Justice Scalia all but declared Bush the winner without hearing oral arguments or without reading the yet to be filed legal briefs. In one paragraph of his opinion he stated, “I will not address the merits of the case.” In the paragraph quoted above he did address the merits of the case. The whole issue of the appeal was whether to allow a recount. He determined that a subsequent recount would be inaccurate. The idea of declaring a party the winner without reading the briefs or hearing oral arguments is repugnant to the Constitution.
A disturbing fact surfaced after the decision in Bush v. Gore, which gave the presidency to Bush. Time Magazine, (December 25, 2000), reported that Scalia had two sons that were employed by the law firm that was working on Bush’s post election phase. This fact was categorized by many as a conflict of the purest form. Any lower court judge who might have a similar conflict would have asked to be recused. Many said that Scalia should have done just that. Scalia’s behavior would suggest another issue of violation of the standard of “good Behaviour.”
Another Justice who Bush expressed open admiration for was Justice Clarence Thomas. Bush’s father appointed him in 1991. Thomas’ supporters referred to him as the leading conservative in America.
After the Bush v. Gore decision, Time Magazine in it’s December 25, 2000 edition, reported that Thomas’ wife worked for the conservative Heritage Foundation where she had been “vetting” resumes for positions in the Bush administration. Mrs. Thomas denied her work was for Bush. Once again another conflict appeared to exist, one that seemed to violate the “good Behaviour” provision.
The oldest member on the Court, at eighty years, was John P. Stevens who was appointed in 1975 by republican President Gerald Ford. Stevens was known as the most liberal member of the Court even though he was appointed by a republican. Stevens wrote a dissenting opinion in the Bush v. Gore case. The last paragraph of the dissent was the most critical of the majority. “What must underlie petitioners’ entire federal assault on the Florida election procedures is an unstated lack of confidence in the impartiality and capacity of the state judges who would make the critical decisions if the vote count were to proceed. Otherwise, their position is wholly without merit. The endorsement of that position by the majority of the Court can only lend credence to the most cynical appraisal of the work of judges throughout the land. It is the confidence in the men and women who administer the judicial system that is the true backbone of the rule of law. Time will one day heal the wound to that confidence that will be inflicted by today’s decision. One thing, however, is certain. Although we may never know with complete certainty the identity of the winner of this year’s Presidential election, the identity of the loser is perfectly clear. It is the Nation’s confidence in the judge as an impartial guardian of the rule of law.”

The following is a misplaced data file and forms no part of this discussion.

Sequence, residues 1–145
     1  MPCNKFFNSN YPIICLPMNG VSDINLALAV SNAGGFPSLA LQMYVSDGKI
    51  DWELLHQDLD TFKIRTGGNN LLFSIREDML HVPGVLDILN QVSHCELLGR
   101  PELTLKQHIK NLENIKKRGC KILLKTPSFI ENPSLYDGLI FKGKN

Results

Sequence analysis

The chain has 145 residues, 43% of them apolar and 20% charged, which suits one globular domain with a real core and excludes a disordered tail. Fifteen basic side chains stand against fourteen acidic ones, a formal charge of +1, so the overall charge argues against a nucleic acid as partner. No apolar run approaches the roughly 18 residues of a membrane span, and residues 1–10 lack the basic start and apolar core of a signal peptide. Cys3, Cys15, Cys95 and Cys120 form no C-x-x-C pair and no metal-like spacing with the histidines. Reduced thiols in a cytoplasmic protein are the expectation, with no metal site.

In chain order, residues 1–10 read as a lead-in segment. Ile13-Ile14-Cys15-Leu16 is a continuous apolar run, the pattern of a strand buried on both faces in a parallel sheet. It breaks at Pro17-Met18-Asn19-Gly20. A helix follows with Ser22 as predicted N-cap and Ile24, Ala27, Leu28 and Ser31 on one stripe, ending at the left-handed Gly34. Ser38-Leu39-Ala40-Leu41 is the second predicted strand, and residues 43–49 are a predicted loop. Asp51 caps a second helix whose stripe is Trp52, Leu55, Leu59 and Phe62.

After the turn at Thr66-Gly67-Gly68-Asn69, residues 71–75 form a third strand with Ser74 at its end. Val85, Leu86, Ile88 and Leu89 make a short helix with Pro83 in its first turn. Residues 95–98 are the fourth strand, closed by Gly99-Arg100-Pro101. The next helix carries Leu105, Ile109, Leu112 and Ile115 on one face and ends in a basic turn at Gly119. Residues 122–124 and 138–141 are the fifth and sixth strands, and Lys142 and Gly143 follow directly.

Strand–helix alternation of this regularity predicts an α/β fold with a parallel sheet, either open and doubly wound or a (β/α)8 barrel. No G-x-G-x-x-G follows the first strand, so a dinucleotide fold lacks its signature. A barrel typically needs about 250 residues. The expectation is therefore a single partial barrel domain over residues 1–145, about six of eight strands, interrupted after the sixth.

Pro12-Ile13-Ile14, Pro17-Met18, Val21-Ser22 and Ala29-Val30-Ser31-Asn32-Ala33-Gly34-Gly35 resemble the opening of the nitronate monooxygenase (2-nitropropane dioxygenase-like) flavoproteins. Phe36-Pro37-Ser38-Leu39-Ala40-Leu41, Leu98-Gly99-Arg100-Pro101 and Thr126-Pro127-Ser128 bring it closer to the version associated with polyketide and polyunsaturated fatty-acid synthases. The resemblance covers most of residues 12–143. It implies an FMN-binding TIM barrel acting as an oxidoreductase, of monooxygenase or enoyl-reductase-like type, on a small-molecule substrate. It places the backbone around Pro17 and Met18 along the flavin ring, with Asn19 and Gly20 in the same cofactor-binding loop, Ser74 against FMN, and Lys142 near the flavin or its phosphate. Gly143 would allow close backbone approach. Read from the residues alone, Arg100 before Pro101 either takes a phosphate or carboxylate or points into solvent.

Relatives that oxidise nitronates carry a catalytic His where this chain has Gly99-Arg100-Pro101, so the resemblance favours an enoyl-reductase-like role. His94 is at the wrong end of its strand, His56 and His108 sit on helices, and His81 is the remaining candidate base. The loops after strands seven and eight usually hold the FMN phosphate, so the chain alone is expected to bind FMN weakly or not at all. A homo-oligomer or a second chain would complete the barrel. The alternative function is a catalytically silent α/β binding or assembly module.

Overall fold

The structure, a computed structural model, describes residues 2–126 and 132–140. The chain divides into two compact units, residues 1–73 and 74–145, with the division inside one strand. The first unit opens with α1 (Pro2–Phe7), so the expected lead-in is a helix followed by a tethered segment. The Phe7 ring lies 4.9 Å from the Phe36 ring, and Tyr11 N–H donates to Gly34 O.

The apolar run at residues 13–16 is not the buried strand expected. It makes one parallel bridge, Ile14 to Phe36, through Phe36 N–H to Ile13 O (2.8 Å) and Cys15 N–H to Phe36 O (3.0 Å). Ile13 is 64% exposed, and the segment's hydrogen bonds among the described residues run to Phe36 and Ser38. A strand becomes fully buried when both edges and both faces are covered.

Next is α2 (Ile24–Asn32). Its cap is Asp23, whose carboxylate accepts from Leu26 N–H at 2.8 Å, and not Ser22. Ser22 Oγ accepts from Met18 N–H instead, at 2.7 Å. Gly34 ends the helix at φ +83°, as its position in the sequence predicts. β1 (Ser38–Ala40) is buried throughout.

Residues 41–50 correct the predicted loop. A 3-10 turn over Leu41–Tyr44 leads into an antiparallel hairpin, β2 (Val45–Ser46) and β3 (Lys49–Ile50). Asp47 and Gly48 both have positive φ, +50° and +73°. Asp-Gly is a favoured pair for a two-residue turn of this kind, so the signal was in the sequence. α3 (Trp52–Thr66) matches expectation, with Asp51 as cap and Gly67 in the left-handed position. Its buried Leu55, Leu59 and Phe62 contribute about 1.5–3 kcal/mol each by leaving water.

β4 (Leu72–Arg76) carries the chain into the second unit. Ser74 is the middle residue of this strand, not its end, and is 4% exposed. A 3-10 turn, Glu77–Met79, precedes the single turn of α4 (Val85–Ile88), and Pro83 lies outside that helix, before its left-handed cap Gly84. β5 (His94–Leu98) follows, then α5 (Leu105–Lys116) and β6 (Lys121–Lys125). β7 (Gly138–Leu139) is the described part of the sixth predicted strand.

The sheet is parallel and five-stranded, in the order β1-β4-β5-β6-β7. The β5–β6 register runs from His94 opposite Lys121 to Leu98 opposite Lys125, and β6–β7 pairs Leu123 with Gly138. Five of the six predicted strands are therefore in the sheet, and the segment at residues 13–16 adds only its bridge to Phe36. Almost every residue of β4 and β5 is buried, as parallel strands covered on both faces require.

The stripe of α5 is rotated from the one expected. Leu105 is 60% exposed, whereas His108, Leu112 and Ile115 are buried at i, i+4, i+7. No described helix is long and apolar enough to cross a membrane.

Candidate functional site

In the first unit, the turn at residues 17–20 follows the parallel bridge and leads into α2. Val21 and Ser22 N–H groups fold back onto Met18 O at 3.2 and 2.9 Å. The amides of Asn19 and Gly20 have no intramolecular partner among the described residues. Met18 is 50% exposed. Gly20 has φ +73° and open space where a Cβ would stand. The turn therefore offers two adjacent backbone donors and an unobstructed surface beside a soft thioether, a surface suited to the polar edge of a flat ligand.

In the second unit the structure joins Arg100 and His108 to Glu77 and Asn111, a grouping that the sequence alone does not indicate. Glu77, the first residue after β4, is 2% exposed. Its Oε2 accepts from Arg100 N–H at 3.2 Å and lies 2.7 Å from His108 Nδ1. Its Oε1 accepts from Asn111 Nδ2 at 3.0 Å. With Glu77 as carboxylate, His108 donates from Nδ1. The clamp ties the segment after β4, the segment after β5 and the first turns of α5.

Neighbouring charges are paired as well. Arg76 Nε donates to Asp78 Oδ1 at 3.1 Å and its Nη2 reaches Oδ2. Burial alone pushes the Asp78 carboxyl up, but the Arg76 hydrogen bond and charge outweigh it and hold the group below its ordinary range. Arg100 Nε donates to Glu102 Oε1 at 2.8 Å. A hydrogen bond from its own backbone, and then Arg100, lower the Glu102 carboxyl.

President Bush appointed Justice David Souter in 1990 who hoped to establish a conservative majority on the Court. The conservative’s expectations were not reached because Justice Souter has voted with the liberals on most issues. He was not very vocal in the Bush v. Gore case.
President Clinton appointed the second woman to the Supreme Court in 1993. She was Ruth Bader Ginsburg who regularly voted with the liberals. In the Bush v. Gore case she issued a dissent defending state sovereignty. “The Court’s conclusion that a constitutionally adequate recount is impractical is a prophecy the Court will not allow to be tested. Such an untested prophecy should not decide the presidency.”
Another justice appointed by Clinton in 1994 was Justice Stephen Breyer. He was a cautious jurist who generally voted with the liberals. Here is a quote from his dissent in Bush v. Gore: “At the same time, as I have said, the Court is not acting to vindicate a fundamental constitutional principle, such as the need to protect a basic human liberty. No other strong reason to act is present. Congressional statutes tend to obviate the need. And, above all, in this highly politicized matter, the appearance of a split decision runs the risk of undermining the public’s confidence in the Court itself. That confidence is a public treasure. It has been built slowly over many years, some of which were marked by a Civil War and the tragedy of segregation. It is a vitally necessary ingredient of any successful effort to protect basic liberty and, indeed the rule of law itself. We run no risk of returning to the days when a President (responding to this Court’s efforts to protect the Cherokee Indians) might have said, ‘John Marshall has made his decision; now let him enforce it.’….But we do risk a self-inflicted wound—a wound that may harm not just the Court, but the Nation.
“I fear that in order to bring this agonizingly long election process to a definitive conclusion, we have not adequately attended to that necessary ‘check upon our exercise of power,’ ‘our own sense of self-restraint.’”
The Courts’ decision was every bit as controversial as the election it resolved. Some of its members attacked the ruling as antidemocratic and politically motivated. Could the Court recover?